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Transitions in care: What can family-members of people who struggle with substance use teach us about care-integration? Findings from the German AnNet Study


Marion Schnute

Universität Hildesheim, DE
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Introduction: Substance use disorders (SUD) account for high shares of healthcare spending in Germany. Hikes in multi-morbidities and unmet social-needs create complex service-needs and increasingly require transitions between various social and healthcare settings as integral part of support-networks. Under the shift to integrated and patient-centered healthcare, the scientific awareness of the importance of involving family-members (FMs) as participants in addiction-care steadily grew. Whereas studies report family-members’ exposure to higher levels of stress and unpredictability which can lead to decreased well-being, very little attention has been given to how FMs experience participation in addiction-care and care-transitions in the wider context of their own support-needs and care and life-goals.

Methods: Between March 2016 and March 2017 in-depth interviews and focus groups with 81 FMs  have been conducted and analyzed in accordance with grounded theory methodology. Because of the exploratory nature of the investigation, only a few preconceived themes were brought to the analysis. An open-ended interview guide was used with questions incorporating the eight dimensions of care as identified by the Picker Commonwealth Program for Patient-Centered Care (e.g., access, coordination, involvement of family members, preparation for discharge, transitions in care etc.) to gain better insight into care-transitions and support-needs from a FM perspective.

Outcomes: Building upon and complementing the existing literature on provider and organization perspectives on integrated-care, which often focus on a specific setting (e.g., primary or specialty care), disease (e.g., legal or illegal drug use), or pathway element (e.g., transition to care), findings add a FM perspective on support-networks and transitions. Crossing care-boundaries within and between health, health-related, and social care services, FM accounts highlight on a systemic and service level how barriers to integration are not only based in different funding mechanisms and organizational capacities, but also in fragmented care systems and ideological differences; and underexplored pathways among addiction services, primary care, and mental health and social services, leading to support overlaps and collaboration gaps. Consequentially, family members are often left to navigate healthcare transitions, locate resources, and manage patient care with limited information and support.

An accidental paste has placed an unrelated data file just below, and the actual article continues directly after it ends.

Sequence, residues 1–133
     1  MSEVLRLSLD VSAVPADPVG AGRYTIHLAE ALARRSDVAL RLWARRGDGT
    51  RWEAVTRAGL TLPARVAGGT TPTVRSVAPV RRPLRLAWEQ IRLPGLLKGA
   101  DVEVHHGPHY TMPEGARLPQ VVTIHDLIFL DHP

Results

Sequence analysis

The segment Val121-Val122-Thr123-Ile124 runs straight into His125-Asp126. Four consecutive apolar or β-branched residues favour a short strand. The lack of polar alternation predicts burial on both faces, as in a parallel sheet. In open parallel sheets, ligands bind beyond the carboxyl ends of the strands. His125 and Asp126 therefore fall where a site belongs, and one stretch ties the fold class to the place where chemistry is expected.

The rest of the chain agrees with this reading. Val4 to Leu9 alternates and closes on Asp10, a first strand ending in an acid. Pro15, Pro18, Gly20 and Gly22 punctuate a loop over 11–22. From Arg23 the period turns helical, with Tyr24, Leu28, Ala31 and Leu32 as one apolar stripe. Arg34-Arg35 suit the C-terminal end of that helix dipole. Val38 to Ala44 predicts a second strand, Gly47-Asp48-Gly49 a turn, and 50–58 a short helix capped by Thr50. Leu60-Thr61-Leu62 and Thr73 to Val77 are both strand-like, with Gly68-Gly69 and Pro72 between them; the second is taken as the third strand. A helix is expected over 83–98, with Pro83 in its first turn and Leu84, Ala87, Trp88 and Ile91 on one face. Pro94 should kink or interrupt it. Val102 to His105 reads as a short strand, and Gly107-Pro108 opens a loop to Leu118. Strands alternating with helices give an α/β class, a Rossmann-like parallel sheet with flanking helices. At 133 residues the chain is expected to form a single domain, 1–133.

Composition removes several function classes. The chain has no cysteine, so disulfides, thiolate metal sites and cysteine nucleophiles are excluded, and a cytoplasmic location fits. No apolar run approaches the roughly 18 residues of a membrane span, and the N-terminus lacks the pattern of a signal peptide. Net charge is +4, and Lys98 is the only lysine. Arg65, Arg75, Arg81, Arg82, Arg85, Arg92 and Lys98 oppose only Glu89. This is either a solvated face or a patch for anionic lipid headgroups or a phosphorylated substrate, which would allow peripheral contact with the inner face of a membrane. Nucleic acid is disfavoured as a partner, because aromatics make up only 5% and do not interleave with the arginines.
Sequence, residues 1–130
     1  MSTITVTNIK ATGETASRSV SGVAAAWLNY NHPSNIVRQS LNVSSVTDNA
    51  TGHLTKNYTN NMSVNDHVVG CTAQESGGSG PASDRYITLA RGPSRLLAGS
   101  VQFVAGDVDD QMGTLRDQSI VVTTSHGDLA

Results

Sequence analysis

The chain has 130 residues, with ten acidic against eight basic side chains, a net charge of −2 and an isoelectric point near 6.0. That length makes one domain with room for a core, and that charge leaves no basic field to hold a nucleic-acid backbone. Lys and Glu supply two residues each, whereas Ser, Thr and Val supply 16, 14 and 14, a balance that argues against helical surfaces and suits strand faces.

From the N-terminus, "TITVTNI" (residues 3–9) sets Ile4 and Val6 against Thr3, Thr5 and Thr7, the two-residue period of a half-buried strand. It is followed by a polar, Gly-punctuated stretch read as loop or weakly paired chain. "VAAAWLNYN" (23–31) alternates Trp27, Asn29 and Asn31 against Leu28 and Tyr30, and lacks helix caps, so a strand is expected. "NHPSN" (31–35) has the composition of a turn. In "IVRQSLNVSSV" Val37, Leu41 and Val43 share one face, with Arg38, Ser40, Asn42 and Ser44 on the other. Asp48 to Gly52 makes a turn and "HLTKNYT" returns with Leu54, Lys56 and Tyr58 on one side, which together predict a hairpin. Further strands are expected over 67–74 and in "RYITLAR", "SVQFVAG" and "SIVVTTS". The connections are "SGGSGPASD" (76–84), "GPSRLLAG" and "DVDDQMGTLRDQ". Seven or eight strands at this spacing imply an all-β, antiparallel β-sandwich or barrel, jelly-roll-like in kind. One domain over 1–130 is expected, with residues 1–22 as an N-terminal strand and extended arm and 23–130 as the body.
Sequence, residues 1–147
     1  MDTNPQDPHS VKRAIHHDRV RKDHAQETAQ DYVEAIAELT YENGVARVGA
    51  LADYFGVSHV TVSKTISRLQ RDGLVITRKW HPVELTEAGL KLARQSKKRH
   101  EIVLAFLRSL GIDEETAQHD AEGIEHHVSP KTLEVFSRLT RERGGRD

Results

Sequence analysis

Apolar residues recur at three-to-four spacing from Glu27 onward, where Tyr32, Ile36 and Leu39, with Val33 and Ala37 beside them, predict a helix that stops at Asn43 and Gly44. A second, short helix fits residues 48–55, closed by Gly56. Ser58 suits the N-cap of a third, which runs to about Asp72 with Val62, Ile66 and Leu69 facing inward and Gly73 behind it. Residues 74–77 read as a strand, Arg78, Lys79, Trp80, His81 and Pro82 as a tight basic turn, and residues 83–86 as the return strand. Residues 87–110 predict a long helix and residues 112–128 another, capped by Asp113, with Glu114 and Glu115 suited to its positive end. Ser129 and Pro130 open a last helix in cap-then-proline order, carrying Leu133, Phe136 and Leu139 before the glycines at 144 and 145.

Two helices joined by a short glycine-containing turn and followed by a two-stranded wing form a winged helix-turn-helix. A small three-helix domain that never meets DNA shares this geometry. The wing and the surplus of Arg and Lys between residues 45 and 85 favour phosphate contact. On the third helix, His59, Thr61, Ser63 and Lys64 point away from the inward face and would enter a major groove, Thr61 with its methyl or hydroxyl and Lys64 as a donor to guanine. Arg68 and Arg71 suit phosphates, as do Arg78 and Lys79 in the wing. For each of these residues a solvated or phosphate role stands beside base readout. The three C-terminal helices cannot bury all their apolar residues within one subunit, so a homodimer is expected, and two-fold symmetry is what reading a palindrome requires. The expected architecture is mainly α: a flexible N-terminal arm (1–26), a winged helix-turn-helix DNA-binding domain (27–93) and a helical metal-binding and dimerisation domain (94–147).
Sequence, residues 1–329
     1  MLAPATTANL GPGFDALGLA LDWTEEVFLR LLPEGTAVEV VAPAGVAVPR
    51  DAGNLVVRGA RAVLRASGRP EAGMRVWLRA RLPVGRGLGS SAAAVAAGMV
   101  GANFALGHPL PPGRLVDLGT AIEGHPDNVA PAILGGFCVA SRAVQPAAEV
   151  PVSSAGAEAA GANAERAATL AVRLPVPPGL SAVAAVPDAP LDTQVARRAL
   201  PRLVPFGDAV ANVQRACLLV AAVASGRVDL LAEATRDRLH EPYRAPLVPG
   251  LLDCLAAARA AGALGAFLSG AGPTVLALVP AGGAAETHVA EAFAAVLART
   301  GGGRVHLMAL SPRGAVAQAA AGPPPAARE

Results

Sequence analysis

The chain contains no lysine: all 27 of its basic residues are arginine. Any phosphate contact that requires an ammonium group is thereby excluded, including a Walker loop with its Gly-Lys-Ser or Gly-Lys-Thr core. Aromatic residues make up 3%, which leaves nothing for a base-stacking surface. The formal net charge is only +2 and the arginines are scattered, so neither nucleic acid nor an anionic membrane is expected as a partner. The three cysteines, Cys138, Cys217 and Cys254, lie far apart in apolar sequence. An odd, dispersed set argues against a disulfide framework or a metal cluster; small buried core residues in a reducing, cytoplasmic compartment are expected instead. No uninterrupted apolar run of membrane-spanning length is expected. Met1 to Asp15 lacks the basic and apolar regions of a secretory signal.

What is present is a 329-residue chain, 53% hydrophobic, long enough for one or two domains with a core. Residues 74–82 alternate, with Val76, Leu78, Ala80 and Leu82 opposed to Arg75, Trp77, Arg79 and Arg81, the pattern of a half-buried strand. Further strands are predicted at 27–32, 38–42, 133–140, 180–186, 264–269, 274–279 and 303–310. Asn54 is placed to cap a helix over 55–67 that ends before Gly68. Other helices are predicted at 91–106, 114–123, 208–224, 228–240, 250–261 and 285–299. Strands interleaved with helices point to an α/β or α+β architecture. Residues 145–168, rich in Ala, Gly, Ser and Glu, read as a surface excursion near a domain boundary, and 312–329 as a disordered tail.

On the level of FM-professional dyads, privacy laws, over-burdened and under-qualified workforces, and staff attitudes can prevent providers from delivering integrated and person-centered services and determine family participation in treatment and transitions.  Application of a relational care perspective showed, how FMs have unique and potentially incongruent goals from those of the client and treatment-specialists. Support for family FMs as well as roles ‘assigned’ to FMs by the care- system are not always aligned with  individual life-situations and therefore require to be balanced against  FMs’ needs and goals to avoid alienation from the treatment process, life dissatisfaction and support-burden. Conversely, coordination of patient, professional, and family responsibilities and working with community assets such as self-help groups were described as crucial for managing transitions and addressing support-needs.

Conclusions & Lessons Learned: In addition to professional support, social-services and community resources promote FM empowerment, resilience and transitions and highlight potentials for vertical integration of health, community and social services and the value of social-support as a complement to professional behavioral-health services. Professional perspectives on FMs can be one-sided with an emphasis on FMs care-participant roles whereas professional support for FMs can be limited to illness-specific interventions or focus on a specific setting (e.g., inpatient treatment), or pathway element (e.g., treatment uptake), leaving FMs to manage care transitions with limited information and support.

Limitations: Data obtained from patients, clinicians, and other sources of support-networks would have been useful. Another limitation is the small sample, however, the objective was not to generalize but to apply a qualitative-approach to describe care-integration and transitions from the perspective of FMs.

Future Research: There is a gap in policy and research on the support-needs and roles that family members can play across care-systems and transitions that results in a lack of interventions to assist patients and families in making smooth transitions.   

How to Cite: Schnute M. Transitions in care: What can family-members of people who struggle with substance use teach us about care-integration? Findings from the German AnNet Study. International Journal of Integrated Care. 2017;17(5):A318. DOI:
Published on 17 Oct 2017.


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